2 Corinthians 11:28
Besides everything else, I face daily the pressure of my concern for all the churches.
2 Corinthians 11:29
Who is weak, and I do not feel weak? Who is led into sin, and I do not inwardly burn?
2 Corinthians 11:30
If I must boast, I will boast of the things that show my weakness.
2 Corinthians 11:31
The God and Father of the Lord Jesus, who is to be praised forever, knows that I am not lying.
PAUL’S MANY TRIALS – 2 Corinthians 11:16-31
Clearly, Paul was extremely reluctant to boast. But faced with the persistent faultfinding of his critics, Paul felt compelled to list his accomplishments for the Corinthians. He wasn’t primarily concerned with his own reputation but, instead, with the spiritual welfare of the Corinthian believers. If his critics’ attacks went unanswered, the believers might turn away from Christ (2 Corinthians 11:3-4; 2 Corinthians 11:12). Paul had to speak up in order to quiet the gossip and slander circulating in the Corinthian church. Even though Paul knew he had to defend himself, he was extremely careful. He cautiously explained to the Corinthians that he was going to act like a fool in order to silence those false teachers.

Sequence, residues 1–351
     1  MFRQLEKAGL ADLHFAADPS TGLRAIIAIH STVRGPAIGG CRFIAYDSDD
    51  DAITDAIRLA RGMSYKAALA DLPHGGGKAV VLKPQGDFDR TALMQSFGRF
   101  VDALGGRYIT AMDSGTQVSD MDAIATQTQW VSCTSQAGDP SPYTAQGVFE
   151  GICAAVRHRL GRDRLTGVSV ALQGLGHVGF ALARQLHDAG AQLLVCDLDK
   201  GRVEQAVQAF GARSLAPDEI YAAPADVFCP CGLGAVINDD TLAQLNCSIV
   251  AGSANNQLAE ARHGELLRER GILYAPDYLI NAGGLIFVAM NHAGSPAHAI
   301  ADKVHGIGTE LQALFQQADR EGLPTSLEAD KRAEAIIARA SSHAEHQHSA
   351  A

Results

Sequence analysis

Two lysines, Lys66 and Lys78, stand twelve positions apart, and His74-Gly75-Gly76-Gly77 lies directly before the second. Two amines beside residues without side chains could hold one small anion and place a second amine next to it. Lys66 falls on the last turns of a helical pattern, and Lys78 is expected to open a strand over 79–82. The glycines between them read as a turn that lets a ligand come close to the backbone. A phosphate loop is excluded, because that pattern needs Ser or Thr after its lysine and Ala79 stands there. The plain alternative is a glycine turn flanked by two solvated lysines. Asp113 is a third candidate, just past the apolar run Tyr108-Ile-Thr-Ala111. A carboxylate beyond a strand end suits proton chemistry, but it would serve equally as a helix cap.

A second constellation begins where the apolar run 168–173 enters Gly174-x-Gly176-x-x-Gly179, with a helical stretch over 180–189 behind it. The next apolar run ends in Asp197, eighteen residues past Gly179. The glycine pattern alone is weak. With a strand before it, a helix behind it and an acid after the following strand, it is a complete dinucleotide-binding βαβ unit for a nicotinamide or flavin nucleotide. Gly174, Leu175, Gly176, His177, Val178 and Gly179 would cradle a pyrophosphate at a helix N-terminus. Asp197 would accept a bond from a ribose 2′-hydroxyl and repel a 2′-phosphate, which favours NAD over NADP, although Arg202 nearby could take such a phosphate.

With biting sarcasm, Paul reprimanded the Corinthians for putting up with these arrogant false teachers. They thought they were being wise when they welcomed these teachers and listened to their new ideas. If these teachers were godly, like Apollos, Paul applauded this generous hospitality. The most recent teachers, however, were introducing a different gospel and were discrediting Paul in the process (2 Corinthians 11:4). Apparently, the Corinthians enjoyed listening to fools.
The Corinthians continued to listen to the false teachers even when it became clear that they were trying to enslave the Corinthians. Paul went on to explain the nature of this enslavement, with four images of exploitation.
Take everything, is a translation of a Greek verb commonly used to describe how animals devour their prey. Take advantage, is from a Greek verb used to describe how a hunter catches animals with a trap or a bait. The imagery of a hunter and prey suggests that the false teachers’ primary sin was their motives. They were traveling preachers looking for a gullible group of people to support them. They were literally preying on the Corinthians, trying to exploit the relationship for all that it was worth. Ironically, the Corinthians thought they were wise by welcoming these teachers when, in reality, these teachers were making the Corinthians into slaves. With arrogant boasts, they paraded their credentials and achievements. Put on airs is literally to lift up high. They were slapping the Corinthians in the face by their actions.